Mr. Gianvito’s lawyer, Lindsay Peak of the Office of the Public Defender, hired an investigator, Manny Lopez, currently with the Marin County Public Defender, but formerly of Mendocino County, to look into the matter. Mr. Lopez said the pit bull was large and aggressive, and had charged him when he went to the location in January.
A dog can put on a lot of weight – as well as a lot of attitude – in the course of four or five months. And Ms. Van Arsdale, who described Mr. Gianvito as “a fucking weirdo,” said he had struck her puppy with his cane back on September 1 — which may explain the animal's evolved “viciousness” investigator Lopez encountered in January.
It was clear Van Arsdale and Gianvito did not agree on anything but that Van Arsdale's dog had defecated on Gianvito’s porch.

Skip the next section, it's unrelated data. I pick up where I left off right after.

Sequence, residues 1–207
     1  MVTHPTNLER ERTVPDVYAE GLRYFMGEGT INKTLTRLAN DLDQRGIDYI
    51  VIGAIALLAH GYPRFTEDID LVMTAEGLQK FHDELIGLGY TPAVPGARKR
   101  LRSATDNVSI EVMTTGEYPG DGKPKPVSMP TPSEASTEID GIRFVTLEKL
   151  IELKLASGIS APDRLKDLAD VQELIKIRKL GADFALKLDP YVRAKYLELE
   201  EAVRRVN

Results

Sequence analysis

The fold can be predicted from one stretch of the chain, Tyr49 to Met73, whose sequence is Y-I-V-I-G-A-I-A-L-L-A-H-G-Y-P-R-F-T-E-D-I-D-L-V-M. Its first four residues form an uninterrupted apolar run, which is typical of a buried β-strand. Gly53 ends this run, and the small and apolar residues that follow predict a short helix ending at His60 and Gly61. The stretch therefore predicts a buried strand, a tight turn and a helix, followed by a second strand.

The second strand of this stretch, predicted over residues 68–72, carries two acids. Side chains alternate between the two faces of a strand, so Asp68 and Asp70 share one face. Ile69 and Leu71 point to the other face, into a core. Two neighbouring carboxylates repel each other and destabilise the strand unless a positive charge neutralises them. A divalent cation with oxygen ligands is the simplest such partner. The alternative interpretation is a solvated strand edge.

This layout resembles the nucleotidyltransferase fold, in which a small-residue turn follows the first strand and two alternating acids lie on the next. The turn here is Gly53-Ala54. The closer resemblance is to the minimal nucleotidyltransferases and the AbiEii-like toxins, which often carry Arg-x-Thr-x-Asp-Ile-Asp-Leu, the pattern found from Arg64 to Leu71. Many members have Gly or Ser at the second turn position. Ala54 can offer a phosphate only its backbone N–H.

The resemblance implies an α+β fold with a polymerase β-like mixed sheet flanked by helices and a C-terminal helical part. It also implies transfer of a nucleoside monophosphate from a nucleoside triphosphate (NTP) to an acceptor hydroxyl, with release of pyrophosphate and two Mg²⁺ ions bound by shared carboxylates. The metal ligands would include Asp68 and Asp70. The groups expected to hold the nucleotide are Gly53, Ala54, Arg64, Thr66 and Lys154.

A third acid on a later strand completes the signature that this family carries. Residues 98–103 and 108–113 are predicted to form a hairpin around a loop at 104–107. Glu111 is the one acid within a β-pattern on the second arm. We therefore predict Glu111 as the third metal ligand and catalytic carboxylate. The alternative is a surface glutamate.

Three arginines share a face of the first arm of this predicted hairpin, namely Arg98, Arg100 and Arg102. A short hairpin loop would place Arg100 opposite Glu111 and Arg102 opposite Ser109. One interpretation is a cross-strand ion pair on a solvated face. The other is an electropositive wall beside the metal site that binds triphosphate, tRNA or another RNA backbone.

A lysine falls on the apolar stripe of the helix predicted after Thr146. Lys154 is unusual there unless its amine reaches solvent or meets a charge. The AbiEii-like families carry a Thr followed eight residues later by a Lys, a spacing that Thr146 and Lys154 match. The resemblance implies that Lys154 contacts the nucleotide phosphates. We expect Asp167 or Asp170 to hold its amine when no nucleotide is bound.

Prosecutor Daniel Madow tried to get the true story from Officer Madrigal, who didn’t have a dog in the fight, as the saying goes.
“Did the defendant tell you anything about the dog defecating on his porch?
“Yes, he said it was an on-going problem; the dog pooped on his doormat and he yelled at her [Van Arsdale] to come and get her dog and clean it up.”
“Have you had any experience with pepper spray?”
“What kind of experience?”
“A really bad one.”
“We had to get sprayed at the police academy, as part of our training.”
“Did the defendant appear to have been sprayed?”
“Did he tell you he ran away?”
“Why was that?”
“He said he feared for his safety.”
“Did he describe the pit bull?”
“He said it was a vicious, gray dog.”
“So, knowing what you know about pepper spray, did you confront him?”
“Yes. I said he didn’t appear to have been pepper sprayed, and he admitted he hadn’t.”
“Did you ask him why he’d lied to you?”
“Yes. He said he didn’t know why.”